Exchange Theory and the Micro-foundations of Social Structure
The processes that lead to social order are considered as intricate and premeditated, and not spontaneous. The construction of social order is the result, in reference to Blau’s Exchange Theory, of trust and solidarity achieved through repeated social exchange. This paper will explain how and why social exchange occurs and the significance of continual social exchange between two counterparts.
Blau states that “social attraction is the force that induces human beings to establish social associations on their own initiative and to expand the scope of their associations once they have been …show more content…
Therefore, the more dependent a subordinate is of a single exchange counterpart as a source of rewards, the greater the difference in power between the two counterparts; thus, an inequality of power is established (Blau 1964: 119). One can then infer that through Blau’s inquiry, social order, in a general view, can range from an equal social association to an association related to subordination and superordination due to inequality in power.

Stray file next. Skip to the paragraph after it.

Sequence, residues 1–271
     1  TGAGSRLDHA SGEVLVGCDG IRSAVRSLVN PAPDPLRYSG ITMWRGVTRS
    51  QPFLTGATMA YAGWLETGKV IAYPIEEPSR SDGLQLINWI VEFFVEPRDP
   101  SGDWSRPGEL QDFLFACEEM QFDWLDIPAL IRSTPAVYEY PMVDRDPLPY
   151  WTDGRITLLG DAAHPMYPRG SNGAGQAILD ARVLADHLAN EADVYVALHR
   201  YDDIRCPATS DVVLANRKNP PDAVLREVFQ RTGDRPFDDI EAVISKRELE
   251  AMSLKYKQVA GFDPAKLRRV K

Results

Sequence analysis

Blau states that the causal relationship of how social exchange proceeds is more of a psychological aspect of human behavior, due to the “underlying feelings of attraction between individuals and their desires for various kinds of rewards” (Blau 1964: 112). “An individual is attracted to another if he expects associating with him to be in some way rewarding for himself, and his interest in the expected social awards draws him to the other” (Blau 1964: 113). An individual that is attracted to another, is then “interested in proving himself attractive to them” (Blau 1964: 113), in order to further associate with the counterpart. Blau emphasizes that social exchange consists of social obligations created through social interactions that are unspecified and difficult to quantify (Blau 1964: 122), therefore the exchange cannot be valued as “1-1”. Thus, there is a risk of a